The idea isn't new, but it's never looked stronger: Democrats at the Colorado House are poised to ban plastic bags and polystyrene foam cups and containers this year.
With Democratic majorities in the House and Senate and an environmentally attuned governor backing it, House Bill 1162 would phase out the single-use plastics, which are not feasibly recyclable.
The bill passed the House Energy and Environment Committee Thursday evening on an 8-5 party-line vote, after hours of testimony marshaled by advocates overwhelmingly in support the legislation. The bill is sponsored by Reps. Alex Valdez of Denver and Lisa Cutter of Littleton. In the Senate, the bill is sponsored by Sen. Julie Gonzales of Denver.
If the bill becomes law, stores and eateries would have to stop providing single-use plastic carryout bags after Sept. 1, 2022, unless the inventory of bags was bought before that and used before March 31, 2023.
Establishments that don't participate in the law would pay $500 for first offense and $1,000 for each subsequent citation from their local government.
The bill would also overturn a state law that limits local government's power to restrict the use of plastics.
The retailer would be authorized to charge customers a 10-cent fee for each single-use bag, similar to laws adopted in Denver and other Colorado cities. The legislation proposed 60% of the money go to the municipality and 40% to the store or restaurant owner.
Supporters argued Thursday that change is gradual, not much more expensive — about a nickel per gross of cups — and over time will lessen plastics in the environment.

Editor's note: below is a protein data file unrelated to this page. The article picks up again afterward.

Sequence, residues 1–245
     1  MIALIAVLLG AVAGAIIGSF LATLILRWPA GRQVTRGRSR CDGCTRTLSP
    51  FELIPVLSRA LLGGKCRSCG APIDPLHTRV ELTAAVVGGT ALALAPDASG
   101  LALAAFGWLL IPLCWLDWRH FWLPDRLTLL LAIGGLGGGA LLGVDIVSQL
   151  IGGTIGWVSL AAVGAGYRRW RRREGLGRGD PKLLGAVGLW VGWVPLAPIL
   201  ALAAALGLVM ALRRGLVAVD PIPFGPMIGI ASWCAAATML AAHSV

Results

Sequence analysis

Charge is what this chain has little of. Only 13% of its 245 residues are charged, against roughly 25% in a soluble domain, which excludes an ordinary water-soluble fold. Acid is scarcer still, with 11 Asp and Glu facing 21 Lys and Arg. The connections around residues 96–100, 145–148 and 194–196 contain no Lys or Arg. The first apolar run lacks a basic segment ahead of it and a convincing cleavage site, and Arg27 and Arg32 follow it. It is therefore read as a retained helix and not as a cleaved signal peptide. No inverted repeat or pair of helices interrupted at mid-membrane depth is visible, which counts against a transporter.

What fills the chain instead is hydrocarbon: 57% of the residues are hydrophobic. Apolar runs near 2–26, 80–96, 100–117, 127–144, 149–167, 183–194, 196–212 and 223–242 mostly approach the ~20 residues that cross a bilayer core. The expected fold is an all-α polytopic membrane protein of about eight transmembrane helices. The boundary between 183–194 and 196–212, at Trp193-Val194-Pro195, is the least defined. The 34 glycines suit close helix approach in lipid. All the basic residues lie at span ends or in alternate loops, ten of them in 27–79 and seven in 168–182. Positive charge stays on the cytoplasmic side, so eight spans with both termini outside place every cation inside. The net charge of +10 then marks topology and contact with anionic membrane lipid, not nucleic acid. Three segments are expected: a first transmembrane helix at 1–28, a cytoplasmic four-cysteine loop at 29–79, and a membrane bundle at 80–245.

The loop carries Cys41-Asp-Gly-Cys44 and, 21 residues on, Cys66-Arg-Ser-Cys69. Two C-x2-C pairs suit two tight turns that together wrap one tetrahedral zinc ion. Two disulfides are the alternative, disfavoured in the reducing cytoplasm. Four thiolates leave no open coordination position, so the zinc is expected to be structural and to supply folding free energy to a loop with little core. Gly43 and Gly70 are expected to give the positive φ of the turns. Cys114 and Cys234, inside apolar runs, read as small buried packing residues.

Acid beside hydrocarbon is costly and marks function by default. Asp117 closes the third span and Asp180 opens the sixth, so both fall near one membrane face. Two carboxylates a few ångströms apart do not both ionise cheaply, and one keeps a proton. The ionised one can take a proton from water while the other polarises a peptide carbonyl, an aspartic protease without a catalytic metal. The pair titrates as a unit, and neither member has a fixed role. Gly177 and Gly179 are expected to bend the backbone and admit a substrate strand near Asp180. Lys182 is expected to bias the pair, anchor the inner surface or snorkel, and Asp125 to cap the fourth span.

"It does not biodegrade," Valdez said of the plastics in question. "It was designed to be that way. There are uses where plastic is a good product. Trash isn't one of them."
He said the changing economy that relies more heavily on deliveries will only worsen the problem if policymakers don't make gradual, lasting changes.
Rep. Dan Woog, a Republican from Weld County, questioned the timing with an economy that's hurting and legislation that targets small businesses "to put additional hardships on them by banning a product most use," he said. "They're going to have to switch to a more expensive product, probably."
Valdez represents downtown Denver, home to scores of restaurants and stores. He said he has convened with many of the business owners in his district and found most are already moving away one-use plastics, because their customers expect it and the price is negligible.
The more that paper and other recyclable products become the norm, marketplace economics will bring the price down farther, he said.
The single-use plastics in question in his bill are not recyclable and spend decades in landfills, oceans or blowing around in the streets.
"We cannot recycle our way out of this issue," said Hannah Colazzo, the state director for Environment Colorado. "And while our climate, health and air all are reasons enough to phase this out, think about the values of stewardship and conservation that I know all Coloradans have.
"And right now we're using products for five minutes that pollute our planet for hundreds and hundreds of years."
The day before, Environment Colorado lined up 400 children to make the case to about 20 lawmakers online, as well.
Besides the bill sponsors, the call included first gentleman Marlon Reis and U.S. Rep. Joe Neguse, a Democrat from Lafayette.
“I firmly believe that a young person can make a difference in society," Neguse said in a statement released Friday by Environment Colorado. "Young people are the future, and their voices need to be heard. The Earth needs our help. Too much of the plastic we create ends up in our oceans. Things we use for five minutes affect the health of the planet and the health of others for hundreds of years. But who better to save the future than the future itself?”
Reis assured the kids he and the governor have a clean environment as a high priority.
“Future generations are counting on us to leave the Earth better than we found it. I hear you loud and clear, the Polis administration hears you loud and clear, and our state is making real measurable progress in reducing our carbon footprint and acting on the work that Environment Colorado students are advocating for to protect Colorado,” Reis said, according to Environment Colorado.